The Lewis Doctrine
Bernard Lewis often tells audiences about an encounter he once had in Jordan. The Princeton University historian, author of more than 20 books on Islam and the Middle East, says he was chatting with Arab friends in Amman when one of them trotted out an argument familiar in that part of the world.
“We have time, we can wait,” he quotes the Jordanian as saying. “We got rid of the Crusaders. We got rid of the Turks. We'll get rid of the Jews.”
Hearing this claim “one too many times,” Mr. Lewis says, he politely shot back, “Excuse me, but you've got your history wrong. The Turks got rid of the Crusaders. The British got rid of the Turks. The Jews got rid of the British. I wonder who is coming here next.”
The vignette, recounted in the 87-year-old scholar's native British accent, always garners laughs. Yet he tells it to underscore a serious point. Most Islamic countries have failed miserably at modernizing their societies, he contends, beckoning outsiders — this time, Americans — to intervene.
Call it the Lewis Doctrine. Though never debated in Congress or sanctified by presidential decree, Mr. Lewis's diagnosis of the Muslim world's malaise, and his call for a U.S. military invasion to seed democracy in the Mideast, have helped define the boldest shift in U.S. foreign policy in 50 years. The occupation of Iraq is putting the doctrine to the test.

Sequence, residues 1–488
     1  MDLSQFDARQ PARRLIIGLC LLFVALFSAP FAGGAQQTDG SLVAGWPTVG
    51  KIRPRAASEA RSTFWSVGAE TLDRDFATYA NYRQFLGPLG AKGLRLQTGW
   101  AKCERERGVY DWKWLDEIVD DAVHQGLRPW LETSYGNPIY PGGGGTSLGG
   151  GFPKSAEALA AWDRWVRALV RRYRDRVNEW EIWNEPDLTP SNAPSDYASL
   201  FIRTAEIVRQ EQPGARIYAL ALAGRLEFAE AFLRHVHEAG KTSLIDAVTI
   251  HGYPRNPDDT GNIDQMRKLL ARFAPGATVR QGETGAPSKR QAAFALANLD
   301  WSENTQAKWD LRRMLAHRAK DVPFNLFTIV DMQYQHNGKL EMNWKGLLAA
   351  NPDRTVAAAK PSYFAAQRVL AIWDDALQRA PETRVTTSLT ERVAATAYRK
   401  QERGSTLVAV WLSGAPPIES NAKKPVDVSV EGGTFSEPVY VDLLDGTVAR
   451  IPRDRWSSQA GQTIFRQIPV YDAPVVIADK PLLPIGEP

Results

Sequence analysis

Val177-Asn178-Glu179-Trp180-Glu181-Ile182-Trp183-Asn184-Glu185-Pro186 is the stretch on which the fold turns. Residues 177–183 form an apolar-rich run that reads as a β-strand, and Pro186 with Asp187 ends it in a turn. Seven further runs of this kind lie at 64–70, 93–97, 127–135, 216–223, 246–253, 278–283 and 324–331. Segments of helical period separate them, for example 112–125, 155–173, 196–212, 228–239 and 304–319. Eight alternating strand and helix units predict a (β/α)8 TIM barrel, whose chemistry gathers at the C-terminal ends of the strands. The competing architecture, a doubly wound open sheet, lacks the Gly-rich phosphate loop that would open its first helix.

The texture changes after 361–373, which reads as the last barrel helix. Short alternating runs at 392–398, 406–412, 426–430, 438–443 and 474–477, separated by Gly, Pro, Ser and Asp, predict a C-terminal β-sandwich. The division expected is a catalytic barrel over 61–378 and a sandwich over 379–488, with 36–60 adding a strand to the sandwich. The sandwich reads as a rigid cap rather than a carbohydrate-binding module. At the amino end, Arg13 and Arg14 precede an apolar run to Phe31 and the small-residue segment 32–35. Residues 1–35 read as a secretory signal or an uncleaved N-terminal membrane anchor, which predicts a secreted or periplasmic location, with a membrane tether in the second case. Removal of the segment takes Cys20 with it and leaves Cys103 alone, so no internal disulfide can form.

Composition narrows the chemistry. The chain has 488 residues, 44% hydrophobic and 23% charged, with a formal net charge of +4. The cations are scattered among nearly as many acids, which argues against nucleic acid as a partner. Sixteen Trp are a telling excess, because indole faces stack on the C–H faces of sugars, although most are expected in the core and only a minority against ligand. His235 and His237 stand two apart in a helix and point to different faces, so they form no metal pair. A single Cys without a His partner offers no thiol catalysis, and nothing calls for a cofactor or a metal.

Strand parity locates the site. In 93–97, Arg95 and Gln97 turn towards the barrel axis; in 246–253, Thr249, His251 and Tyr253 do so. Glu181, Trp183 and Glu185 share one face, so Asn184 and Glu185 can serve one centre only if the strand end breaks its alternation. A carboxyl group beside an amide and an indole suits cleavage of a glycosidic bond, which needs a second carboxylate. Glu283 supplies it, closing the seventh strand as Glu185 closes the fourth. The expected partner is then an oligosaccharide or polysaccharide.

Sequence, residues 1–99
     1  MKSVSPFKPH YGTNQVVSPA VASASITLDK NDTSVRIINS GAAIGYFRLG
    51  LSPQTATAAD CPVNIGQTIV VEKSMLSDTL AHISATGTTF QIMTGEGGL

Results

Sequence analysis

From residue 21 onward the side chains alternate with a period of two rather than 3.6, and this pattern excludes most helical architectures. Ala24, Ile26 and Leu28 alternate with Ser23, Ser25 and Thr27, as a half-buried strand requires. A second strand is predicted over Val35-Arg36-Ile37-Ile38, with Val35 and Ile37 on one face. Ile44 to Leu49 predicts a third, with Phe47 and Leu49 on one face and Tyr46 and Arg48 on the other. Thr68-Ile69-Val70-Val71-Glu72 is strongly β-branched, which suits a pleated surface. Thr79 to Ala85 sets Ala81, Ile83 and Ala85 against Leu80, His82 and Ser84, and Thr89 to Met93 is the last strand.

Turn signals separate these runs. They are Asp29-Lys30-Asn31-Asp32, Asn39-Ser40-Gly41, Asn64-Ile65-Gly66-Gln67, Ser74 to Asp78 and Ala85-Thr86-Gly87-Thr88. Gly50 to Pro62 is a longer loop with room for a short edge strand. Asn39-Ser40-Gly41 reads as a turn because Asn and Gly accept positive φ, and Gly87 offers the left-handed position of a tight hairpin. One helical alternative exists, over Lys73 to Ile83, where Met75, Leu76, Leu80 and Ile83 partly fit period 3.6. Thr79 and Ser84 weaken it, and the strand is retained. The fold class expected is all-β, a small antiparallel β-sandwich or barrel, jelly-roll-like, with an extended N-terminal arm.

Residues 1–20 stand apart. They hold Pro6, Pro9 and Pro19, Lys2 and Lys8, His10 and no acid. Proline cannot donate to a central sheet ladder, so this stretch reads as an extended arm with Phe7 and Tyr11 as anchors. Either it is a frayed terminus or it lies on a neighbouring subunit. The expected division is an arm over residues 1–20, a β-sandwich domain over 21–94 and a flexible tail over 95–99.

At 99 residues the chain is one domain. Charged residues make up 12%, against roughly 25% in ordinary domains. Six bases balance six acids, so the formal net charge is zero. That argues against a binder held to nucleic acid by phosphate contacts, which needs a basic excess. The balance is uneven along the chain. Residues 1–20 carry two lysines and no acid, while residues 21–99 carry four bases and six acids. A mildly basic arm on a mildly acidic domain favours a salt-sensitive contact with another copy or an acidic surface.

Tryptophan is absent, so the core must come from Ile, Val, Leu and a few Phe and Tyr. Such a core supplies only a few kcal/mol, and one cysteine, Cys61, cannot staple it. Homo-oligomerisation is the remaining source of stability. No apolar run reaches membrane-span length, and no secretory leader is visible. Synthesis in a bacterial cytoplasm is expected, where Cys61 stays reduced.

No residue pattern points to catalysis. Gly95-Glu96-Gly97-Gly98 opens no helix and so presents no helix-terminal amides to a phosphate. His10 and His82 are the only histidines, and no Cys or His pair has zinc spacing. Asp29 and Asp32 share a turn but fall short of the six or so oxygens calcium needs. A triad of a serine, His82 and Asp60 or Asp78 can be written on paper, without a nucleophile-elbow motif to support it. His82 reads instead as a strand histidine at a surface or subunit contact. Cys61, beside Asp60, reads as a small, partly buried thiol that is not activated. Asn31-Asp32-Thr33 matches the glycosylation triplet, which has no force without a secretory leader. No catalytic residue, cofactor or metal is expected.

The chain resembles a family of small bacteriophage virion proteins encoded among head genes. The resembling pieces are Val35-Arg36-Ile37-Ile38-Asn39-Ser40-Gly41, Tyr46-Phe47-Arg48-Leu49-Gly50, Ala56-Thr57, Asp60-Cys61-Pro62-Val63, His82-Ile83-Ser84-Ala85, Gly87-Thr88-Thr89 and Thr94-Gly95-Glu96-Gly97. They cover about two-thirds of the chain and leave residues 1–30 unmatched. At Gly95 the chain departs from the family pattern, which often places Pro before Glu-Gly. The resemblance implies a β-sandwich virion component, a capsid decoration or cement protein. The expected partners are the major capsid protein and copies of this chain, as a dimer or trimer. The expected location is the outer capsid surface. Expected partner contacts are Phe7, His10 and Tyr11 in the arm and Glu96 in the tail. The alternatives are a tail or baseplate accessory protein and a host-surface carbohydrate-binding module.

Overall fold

Terrorism has replaced Moscow as the global foe. And now America, having outlasted the Soviets to become the sole superpower, no longer seeks to contain but to confront, defeat and transform. How successful it is at remolding Iraq and the rest of the Mideast could have a huge impact on what sort of superpower America will be for decades to come: bold and assertive — or inward, defensive and cut off.
As mentor and informal adviser to some top U.S. officials, Mr. Lewis has helped coax the White House to shed decades of thinking about Arab regimes and the use of military power. Gone is the notion that U.S. policy in the oil-rich region should promote stability above all, even if it means taking tyrants as friends. Also gone is the corollary notion that fostering democratic values in these lands risks destabilizing them. Instead, the Lewis Doctrine says fostering Mideast democracy is not only wise but imperative.
After Sept. 11, 2001, as policy makers fretted urgently about how to understand and deal with the new enemy, Mr. Lewis helped provide an answer. If his prescription is right, the U.S. may be able to blunt terrorism and stabilize a region that, as the chief exporter of oil, powers the industrial world and underpins the U.S.-led economic order. If it's wrong, as his critics contend, America risks provoking sharper conflicts that spark more terrorism and undermine energy security.
After the terror attacks, White House staffers disagreed about how to frame the enemy. One group believed Muslim anger was all a misunderstanding — that Muslims misperceived America as decadent and godless. Their solution: Launch a vast campaign to educate Muslims about America's true virtue. Much of that effort, widely belittled in the press and overseas, was quietly abandoned.